Oil spikes to highest in a year as U.S. stockpiles drop

A history of oil's booms and busts

The price of oil jumped almost 3% on Wednesday to the highest level in more than a year after a report showed a surprising drop in U.S. stockpiles of crude.

Crude futures were up $1.30, trading at more than $52 per barrel. That's the highest level since July 2015.

A government report showed U.S. stockpiles unexpectedly fell by 5.2 million barrels last week. Investors were expecting a rise of 2.1 million barrels.

Analysts including Christophe Barraud, chief economist at Market Securities, said the drop could be explained in part by an outage in a pipeline that delivers half a million barrels a day to a storage facility in Oklahoma.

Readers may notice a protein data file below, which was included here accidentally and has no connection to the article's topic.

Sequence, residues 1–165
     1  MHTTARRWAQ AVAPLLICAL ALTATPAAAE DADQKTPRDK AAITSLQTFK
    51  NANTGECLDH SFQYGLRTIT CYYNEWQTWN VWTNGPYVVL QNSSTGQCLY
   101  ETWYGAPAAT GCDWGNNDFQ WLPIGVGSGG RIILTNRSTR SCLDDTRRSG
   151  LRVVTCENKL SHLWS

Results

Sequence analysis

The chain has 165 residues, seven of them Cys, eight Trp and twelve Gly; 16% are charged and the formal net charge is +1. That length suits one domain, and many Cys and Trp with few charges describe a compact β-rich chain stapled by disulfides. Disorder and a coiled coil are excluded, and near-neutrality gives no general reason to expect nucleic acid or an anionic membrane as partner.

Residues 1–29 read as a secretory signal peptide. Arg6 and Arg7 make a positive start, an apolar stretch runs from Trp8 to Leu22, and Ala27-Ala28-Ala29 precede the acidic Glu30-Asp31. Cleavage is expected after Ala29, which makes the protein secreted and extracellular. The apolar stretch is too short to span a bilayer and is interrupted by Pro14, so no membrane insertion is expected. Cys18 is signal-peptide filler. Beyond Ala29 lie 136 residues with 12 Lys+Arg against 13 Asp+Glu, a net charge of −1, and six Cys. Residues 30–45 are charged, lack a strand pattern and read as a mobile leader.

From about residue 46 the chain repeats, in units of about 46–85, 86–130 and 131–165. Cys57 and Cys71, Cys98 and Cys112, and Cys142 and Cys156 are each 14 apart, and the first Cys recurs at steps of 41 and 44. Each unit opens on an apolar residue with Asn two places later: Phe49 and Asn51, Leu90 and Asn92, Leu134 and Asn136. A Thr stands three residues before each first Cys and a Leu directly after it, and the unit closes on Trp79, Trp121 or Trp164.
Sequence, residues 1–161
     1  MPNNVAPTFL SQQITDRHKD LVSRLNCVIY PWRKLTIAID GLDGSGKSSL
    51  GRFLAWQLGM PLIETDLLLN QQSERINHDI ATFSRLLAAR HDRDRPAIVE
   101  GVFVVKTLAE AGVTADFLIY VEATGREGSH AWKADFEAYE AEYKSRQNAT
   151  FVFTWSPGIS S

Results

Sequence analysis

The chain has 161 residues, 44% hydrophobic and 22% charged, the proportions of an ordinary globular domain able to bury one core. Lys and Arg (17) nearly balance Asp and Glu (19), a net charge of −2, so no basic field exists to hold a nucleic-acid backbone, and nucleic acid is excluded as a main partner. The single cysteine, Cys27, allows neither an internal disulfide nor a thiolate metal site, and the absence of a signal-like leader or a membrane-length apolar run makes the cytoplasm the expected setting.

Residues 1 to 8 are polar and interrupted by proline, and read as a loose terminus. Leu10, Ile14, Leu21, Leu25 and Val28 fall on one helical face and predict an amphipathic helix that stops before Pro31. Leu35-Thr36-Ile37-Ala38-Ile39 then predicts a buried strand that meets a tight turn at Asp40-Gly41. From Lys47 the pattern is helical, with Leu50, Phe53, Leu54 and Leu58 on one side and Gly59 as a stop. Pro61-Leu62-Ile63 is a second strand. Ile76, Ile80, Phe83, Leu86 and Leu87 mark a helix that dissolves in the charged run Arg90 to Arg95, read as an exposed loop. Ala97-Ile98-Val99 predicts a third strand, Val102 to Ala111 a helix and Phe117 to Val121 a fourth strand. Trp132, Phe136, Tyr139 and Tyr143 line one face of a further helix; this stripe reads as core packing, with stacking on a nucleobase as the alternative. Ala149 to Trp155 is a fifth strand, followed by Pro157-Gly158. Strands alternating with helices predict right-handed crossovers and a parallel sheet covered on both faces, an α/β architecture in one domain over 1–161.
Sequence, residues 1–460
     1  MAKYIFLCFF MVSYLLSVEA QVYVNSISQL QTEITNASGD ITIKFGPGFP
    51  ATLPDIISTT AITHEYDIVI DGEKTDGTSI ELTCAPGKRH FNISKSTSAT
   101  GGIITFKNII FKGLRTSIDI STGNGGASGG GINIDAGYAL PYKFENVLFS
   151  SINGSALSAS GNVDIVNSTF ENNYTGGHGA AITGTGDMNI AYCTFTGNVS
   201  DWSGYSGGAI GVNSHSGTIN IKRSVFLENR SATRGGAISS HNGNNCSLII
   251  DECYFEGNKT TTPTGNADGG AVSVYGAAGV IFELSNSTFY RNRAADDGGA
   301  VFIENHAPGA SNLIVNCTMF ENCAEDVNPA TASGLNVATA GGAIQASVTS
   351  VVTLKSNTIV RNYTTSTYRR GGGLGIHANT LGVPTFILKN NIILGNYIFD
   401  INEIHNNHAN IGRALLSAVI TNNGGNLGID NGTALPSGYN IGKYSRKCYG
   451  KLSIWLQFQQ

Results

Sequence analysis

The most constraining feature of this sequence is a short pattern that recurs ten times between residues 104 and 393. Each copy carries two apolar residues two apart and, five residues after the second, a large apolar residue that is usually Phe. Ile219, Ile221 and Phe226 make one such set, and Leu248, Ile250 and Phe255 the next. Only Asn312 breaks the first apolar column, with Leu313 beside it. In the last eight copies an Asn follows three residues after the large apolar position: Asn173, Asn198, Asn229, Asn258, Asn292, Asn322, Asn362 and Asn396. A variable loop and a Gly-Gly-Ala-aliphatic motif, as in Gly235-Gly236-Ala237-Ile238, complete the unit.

Related: No cut here: OPEC output hits new record high

Investors bullish on oil are hoping the unexpected drop is signal that the global oil glut is easing. Oil prices have crashed over the past two years as the world's biggest producers have sought to defend their market share and refused to cut production.

Low prices have hurt oil-producing nations, forcing them to slash spending. The Saudi-led OPEC oil cartel finally agreed to slash production in September.

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